save £1000

10 Tips on how to save £1000 by the end of 2024

2024 is starting to rush by, and before we know it it will be Christmas and New Year all over again! Perhaps your New Year resolutions for this year included building up some savings. If so, how is that going? 

If you have not got as far as you’d hoped – perhaps not anywhere at all in fact – the good news is that there is still time to make a difference.

For example, it could be possible to save £1000 by the end of this year if you start working on it now. And whether you use some of that money for Christmas, or perhaps a winter holiday, it will seem well worth any sacrifices you have to make to achieve it.

So in this article, we share ten ideas to help you save £1000 by the end of 2024.


Break your savings goals into manageable chunks

£1000 is a lot of money and the prospect of being able to find it is very daunting. But if you break it into manageable chunks it begins to look a little bit more realistic.

The first thing to do is to work out how much time there is before the end of the year. So, for example, if you are reading this on Easter Sunday, Sunday 31st March, there are exactly 9 months until the end of 2024. If you could save, on average, £111 per month, you would have £1000 by New Year’s Eve.

If that still sounds impossible, another way of looking at it is that in those 9 months there are 275 days. And if you could manage to save £3.67 every day, you would still achieve your goal. Which perhaps sounds a bit more achievable?


Set up a separate savings account for your £1000

We reckon it’s essential to set up a separate account for your savings for three reasons:

  • It keeps your savings apart from your day to day money, so you are less tempted to dip into it;
  • It is easy to see your savings start to grow, which will motivate you to save more;
  • You could earn interest on your savings and increase them further.


Interest rates are high for savers at the moment, so look around for a good deal. Even if you only pay in for a few months you should end up with a little bit extra from the interest on the account. And if you decide to leave your savings in the account longer, this will gradually grow.


Cancel any payments you no longer need to make

One very easy way to save a few pounds is to check your bank account for any payments you are still making but no longer need. This may feel like a bit of a boring task to do but could be well worth it. Look particularly at any subscriptions, memberships and insurance payments you are currently paying for. Check carefully, because some of these may be taken annually or quarterly; not every month.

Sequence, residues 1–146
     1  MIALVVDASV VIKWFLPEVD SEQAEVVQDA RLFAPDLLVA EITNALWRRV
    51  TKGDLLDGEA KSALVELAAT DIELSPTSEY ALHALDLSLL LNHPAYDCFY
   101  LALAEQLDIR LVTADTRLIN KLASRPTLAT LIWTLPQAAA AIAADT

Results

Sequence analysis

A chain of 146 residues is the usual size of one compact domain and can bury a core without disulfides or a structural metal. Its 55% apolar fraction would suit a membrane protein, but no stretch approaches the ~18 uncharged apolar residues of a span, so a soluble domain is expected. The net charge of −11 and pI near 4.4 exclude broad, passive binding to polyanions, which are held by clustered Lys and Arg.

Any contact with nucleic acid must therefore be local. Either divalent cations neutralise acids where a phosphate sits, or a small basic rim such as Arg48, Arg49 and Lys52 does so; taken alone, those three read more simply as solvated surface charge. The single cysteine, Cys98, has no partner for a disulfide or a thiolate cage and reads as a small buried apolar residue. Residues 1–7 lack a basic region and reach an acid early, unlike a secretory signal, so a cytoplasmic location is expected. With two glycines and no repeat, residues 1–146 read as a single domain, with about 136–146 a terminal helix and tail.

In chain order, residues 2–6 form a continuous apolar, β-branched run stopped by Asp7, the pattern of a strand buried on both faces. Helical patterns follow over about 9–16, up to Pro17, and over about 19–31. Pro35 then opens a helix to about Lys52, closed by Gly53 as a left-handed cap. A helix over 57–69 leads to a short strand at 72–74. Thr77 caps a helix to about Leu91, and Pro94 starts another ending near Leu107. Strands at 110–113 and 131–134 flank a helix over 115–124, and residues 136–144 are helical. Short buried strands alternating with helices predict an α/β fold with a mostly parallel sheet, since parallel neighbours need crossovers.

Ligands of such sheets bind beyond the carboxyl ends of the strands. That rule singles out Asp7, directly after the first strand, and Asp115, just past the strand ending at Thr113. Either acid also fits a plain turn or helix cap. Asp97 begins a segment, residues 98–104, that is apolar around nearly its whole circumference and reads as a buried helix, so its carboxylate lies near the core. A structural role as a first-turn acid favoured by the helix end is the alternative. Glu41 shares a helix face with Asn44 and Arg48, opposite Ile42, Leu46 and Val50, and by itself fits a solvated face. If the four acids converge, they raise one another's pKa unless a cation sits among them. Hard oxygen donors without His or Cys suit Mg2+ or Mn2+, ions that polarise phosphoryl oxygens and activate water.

If you find that you are paying for things that you no longer want or use, then cancel them. Then immediately set up a new standing order for the same amount(s) of money to go into your savings account instead.


Find better deals on what you are paying for

As well as cancelling payments that you no longer need to make, it’s also worth going through your necessary payments to see if you can get a better deal. For example domestic bills such as energy, phone, broadband, TV and various insurances. 

Start by contacting your current provider to explain that you are thinking of switching to get a better deal. They will often offer you better value to keep you as a customer.

If this doesn’t work, or if you think you could still be paying less, start checking out other potential providers. Websites such as Compare the Market, USwitch or Money Supermarket can help with this. 

And, just as with your cancelled payments, set up a new standing order to pay the amount(s) of money you have saved straight into your savings account every month.


Spend less on food shopping

Many of us spend far more money than we need on food, and can often end up wasting some of what we buy. It’s usually possible to eat just as well but with a smaller price tag. For example:

  • Eating less meat

If you still eat meat most days, you can save money by skipping it for a day or two a week. Check out the website Meat Free Monday for information and meal ideas that can help reduce your food shopping bill.


  • Cook meals from scratch

Cooking meals from scratch instead of buying processed food is a great way to save money on food bills. This is even more the case if you get into the habit of making double quantities of every meal and freezing what you don’t use. You will soon build up a good supply of healthy meals that only need reheating – and that you’ve already paid for.